He remembered back to when he was, perhaps 13 years of age. He was sitting on a train with his uncle. They were going into the city to celebrate the boy becoming a teenager.
As he looked around the train, it struck him that no one was talking. Conversations had been replaced by each individual watching, laughing at, writing to, their little machines. The individual felt wanted, or needed, or even entertained by these little contraptions.When the boy was 20, he had already created a new social media software. Even at that young age he was now considered rich, but money wasn’t what he was looking for in this journey – he wanted their hearts and minds.
The days of Facebook were long gone, the new buzz word was the boy’s CLIQUE. You see, he had seen the audience who had once watched television would vote on anything, if they felt they could influence matters – and that was the secret of his software. Individuals who were suspected of this, or that, had their photos instantaneously placed on CLIQUE. These were hi-tech witch trials. If a neighbour didn’t like another, they placed a photo (or a CliqueGram) on the page and denounced them as a paedophile, or not patriotic, or not quite one of us.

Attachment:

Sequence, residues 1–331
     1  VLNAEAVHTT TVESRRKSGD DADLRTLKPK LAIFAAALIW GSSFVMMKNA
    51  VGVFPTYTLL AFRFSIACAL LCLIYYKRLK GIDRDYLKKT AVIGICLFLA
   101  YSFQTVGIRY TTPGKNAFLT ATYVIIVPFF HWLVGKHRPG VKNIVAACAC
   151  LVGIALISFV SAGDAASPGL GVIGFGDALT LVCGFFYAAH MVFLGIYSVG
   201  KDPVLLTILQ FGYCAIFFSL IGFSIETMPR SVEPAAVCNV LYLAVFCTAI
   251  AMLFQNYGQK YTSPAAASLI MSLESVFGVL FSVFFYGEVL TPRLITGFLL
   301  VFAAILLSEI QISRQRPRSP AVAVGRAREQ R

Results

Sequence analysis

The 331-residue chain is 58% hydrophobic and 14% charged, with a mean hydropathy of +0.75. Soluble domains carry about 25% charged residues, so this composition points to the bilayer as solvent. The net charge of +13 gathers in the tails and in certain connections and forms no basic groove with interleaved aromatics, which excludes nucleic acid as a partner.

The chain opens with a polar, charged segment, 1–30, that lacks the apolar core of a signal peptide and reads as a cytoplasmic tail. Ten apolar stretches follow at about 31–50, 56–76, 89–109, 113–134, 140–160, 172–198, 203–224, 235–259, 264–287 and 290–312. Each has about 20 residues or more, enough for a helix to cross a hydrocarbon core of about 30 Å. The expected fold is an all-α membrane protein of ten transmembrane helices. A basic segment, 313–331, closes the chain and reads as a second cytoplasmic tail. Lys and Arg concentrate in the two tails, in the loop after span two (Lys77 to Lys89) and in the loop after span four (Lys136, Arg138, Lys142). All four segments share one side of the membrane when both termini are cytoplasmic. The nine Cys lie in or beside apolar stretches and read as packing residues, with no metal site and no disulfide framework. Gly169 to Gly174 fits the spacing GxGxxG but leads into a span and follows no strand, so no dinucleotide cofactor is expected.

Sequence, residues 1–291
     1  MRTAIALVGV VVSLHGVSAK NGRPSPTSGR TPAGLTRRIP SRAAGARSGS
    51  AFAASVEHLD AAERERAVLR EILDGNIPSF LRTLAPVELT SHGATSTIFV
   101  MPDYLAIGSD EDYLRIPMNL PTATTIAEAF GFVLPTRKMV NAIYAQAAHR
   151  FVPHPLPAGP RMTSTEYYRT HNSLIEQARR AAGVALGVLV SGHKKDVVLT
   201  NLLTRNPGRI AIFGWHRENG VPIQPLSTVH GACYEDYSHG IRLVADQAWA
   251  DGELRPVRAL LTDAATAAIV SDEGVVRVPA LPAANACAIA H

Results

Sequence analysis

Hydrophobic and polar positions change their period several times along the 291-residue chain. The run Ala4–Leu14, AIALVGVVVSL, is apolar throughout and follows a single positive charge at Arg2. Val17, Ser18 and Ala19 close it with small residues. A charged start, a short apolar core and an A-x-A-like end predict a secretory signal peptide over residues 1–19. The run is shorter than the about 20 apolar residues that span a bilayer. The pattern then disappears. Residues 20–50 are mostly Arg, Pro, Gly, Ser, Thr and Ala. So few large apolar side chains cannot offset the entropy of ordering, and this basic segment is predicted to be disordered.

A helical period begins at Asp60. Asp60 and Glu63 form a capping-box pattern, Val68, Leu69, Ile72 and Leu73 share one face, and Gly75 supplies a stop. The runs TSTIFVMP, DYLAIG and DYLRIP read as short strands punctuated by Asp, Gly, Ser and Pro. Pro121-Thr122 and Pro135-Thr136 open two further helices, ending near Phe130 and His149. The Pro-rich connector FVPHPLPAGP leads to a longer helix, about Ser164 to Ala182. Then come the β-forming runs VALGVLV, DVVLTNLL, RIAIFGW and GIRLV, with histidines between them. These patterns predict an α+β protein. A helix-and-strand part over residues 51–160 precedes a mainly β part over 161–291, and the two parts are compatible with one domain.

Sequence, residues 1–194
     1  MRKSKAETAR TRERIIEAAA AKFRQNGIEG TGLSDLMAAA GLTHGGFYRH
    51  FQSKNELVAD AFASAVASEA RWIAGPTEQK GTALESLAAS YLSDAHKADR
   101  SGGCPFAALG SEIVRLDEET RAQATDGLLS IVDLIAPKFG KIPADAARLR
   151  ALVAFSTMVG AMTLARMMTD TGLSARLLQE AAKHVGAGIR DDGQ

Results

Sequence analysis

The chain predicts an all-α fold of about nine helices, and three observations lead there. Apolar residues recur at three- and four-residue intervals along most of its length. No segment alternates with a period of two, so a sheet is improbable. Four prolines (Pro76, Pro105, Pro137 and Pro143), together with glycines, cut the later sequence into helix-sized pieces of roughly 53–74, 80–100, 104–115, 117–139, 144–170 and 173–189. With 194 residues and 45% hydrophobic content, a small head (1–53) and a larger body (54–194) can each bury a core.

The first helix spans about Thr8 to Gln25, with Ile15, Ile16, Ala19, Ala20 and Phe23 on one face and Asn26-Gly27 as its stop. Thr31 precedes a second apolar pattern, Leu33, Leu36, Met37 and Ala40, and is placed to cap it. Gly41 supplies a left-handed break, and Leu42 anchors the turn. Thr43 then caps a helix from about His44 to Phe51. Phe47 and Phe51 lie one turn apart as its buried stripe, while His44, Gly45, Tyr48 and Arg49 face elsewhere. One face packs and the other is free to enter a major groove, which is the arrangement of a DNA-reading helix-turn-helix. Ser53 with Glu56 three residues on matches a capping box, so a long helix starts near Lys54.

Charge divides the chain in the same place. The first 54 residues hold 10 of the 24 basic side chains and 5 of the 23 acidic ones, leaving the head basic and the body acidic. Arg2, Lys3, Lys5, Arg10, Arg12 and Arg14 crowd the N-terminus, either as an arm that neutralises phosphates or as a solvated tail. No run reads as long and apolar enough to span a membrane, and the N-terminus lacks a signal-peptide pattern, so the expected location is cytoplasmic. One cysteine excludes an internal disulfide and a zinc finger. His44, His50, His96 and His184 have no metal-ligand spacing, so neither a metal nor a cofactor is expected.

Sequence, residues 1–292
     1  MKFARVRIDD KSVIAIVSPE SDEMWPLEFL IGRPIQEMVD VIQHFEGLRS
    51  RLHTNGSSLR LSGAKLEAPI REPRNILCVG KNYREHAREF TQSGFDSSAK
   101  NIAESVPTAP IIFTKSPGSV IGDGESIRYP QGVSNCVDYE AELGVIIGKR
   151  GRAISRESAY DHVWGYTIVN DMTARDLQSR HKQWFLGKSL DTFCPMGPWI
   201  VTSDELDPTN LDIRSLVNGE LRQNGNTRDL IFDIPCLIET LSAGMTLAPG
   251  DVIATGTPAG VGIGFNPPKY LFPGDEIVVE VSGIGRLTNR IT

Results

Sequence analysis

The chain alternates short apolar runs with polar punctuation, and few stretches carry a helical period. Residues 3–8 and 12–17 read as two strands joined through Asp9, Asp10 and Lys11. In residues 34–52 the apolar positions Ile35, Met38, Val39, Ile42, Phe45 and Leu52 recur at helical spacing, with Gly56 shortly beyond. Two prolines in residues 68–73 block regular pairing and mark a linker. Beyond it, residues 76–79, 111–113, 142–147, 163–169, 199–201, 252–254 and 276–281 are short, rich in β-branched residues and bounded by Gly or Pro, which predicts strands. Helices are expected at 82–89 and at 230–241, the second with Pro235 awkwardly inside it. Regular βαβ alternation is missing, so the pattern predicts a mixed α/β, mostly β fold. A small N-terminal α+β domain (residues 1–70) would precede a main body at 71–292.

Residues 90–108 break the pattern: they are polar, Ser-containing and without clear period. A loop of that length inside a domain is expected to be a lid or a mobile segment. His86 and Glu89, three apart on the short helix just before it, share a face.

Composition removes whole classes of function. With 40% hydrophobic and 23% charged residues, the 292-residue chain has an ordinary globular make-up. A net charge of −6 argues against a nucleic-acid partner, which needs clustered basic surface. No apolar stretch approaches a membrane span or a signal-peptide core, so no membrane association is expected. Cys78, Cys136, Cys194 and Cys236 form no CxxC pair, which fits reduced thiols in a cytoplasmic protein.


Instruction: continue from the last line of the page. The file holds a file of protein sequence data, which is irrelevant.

And in trains, and homes, and cafes, and bars, the proles voted to find the culprit guilty or not. Regardless of the result, their lives were always destroyed.
The boy’s secret was to divide and rule – rule and divide. As long as no one spoke to each other, they would only believe what was on their little machines.
The thought that morning on the train, which had passed through the little boy’s mind, stayed with him forever: Hitler would have used social media.
bobby stevenson 2017